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Used car values dropped in April, says NAMA

The National Association of Motor Auctions (NAMA) published its monthly market report today, showing that during April, the average value of used cars sold at auction across the board decreased 3.4% from £5,259 to £5,153.

Despite the Easter break, volumes were only down 1.1% versus prior month at 109,271, and more than 9% ahead on a seasonally adjusted basis.

First time conversion rates showed a decline from 86% to 75% as an average for the month – figures showed that the weeks surrounding Easter were the poorest.

Average values by age profile and the average percentage of original cost new price rose across the board, buoyed by falls in average age and mileage.

First time conversions for fleet and younger PX profile cars (2.6-6.5 years old) showed the steepest declines at over 15 percentage points from the previous month to reach seasonal lows of 73% and 69%. This coupled with a steady increase to days on site, may be partly responsible for the apparent robustness of values.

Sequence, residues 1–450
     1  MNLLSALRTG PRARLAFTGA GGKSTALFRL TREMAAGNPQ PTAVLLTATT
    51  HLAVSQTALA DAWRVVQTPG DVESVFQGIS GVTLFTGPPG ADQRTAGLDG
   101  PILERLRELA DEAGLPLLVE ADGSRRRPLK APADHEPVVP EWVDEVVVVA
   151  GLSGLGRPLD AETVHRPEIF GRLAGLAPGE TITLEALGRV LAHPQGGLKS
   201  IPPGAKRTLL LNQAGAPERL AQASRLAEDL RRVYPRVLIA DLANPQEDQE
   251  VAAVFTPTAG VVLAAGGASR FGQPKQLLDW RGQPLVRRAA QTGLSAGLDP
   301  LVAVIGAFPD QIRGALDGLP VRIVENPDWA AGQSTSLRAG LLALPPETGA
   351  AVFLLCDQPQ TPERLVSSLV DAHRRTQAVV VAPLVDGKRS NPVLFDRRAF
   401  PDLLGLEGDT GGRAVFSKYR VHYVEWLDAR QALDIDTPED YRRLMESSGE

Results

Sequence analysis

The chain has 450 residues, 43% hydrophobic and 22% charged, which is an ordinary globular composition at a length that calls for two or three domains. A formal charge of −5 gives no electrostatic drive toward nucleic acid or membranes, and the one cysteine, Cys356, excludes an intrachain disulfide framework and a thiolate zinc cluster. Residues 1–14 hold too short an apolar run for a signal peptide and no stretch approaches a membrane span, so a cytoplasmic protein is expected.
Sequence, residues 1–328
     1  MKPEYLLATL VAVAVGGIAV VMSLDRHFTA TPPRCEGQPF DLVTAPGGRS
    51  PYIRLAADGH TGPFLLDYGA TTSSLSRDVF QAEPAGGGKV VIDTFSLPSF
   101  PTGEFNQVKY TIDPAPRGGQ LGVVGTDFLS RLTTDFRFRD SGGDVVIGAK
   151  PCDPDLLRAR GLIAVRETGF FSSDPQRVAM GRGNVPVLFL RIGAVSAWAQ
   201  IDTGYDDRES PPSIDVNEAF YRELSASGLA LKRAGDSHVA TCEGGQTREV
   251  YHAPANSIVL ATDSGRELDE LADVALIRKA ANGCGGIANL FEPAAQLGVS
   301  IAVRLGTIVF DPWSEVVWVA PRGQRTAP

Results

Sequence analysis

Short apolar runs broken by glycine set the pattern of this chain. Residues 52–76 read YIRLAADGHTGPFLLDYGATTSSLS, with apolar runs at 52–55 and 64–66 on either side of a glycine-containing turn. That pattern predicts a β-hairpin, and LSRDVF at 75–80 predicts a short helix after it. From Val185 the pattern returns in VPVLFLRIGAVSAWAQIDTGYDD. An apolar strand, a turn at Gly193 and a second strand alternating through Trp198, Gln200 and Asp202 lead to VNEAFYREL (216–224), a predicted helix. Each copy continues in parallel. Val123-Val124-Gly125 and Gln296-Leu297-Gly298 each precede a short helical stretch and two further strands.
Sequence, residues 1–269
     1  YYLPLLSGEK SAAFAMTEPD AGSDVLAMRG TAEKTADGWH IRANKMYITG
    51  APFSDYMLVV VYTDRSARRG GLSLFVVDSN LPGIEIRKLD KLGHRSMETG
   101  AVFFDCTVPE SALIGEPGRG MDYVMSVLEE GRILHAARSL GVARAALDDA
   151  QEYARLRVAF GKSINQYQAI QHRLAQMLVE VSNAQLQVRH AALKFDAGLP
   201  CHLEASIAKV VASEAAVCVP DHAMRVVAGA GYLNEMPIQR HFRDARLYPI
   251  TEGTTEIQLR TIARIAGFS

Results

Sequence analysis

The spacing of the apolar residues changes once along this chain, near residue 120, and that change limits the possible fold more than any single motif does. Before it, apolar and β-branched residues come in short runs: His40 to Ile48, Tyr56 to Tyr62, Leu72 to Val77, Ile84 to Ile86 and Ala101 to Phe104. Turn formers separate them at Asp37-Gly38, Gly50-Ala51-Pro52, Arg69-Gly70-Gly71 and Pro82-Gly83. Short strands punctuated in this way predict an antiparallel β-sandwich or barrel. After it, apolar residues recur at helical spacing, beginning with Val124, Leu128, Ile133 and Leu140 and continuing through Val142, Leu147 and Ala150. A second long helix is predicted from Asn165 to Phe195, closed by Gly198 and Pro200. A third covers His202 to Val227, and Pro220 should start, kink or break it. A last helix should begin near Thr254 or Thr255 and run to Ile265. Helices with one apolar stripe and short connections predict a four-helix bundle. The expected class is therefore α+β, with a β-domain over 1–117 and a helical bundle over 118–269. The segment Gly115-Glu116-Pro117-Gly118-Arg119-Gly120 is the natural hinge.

Paul Hill, NAMA chairman, said: “With a further increase in new car registrations reported for the month of April it was surprising that the used car market also remained buoyant.  This implies that the market may well have turned a bit of a corner.  Early May has brought better weather and with it other distractions for the retail used car buyer, although it would appear that the sales momentum has not been lost.

“There is no doubt that there are now more cars in the trade as a result of increased new car sales but generally speaking this has not damaged values too much. However, there is a better choice of product for the trade buyer and conversion rates have shifted as a result.

“May is expected to be a fairly stable month in terms of used car demand and value performance with the caveat that unless the market takes a marked upturn, concern remains over the buildup of certain unsold product. 

"If new car sales continue at the current pace, expect a drop in demand for late plate cars especially as retail buyers become tempted by ever better new car deals”.
 

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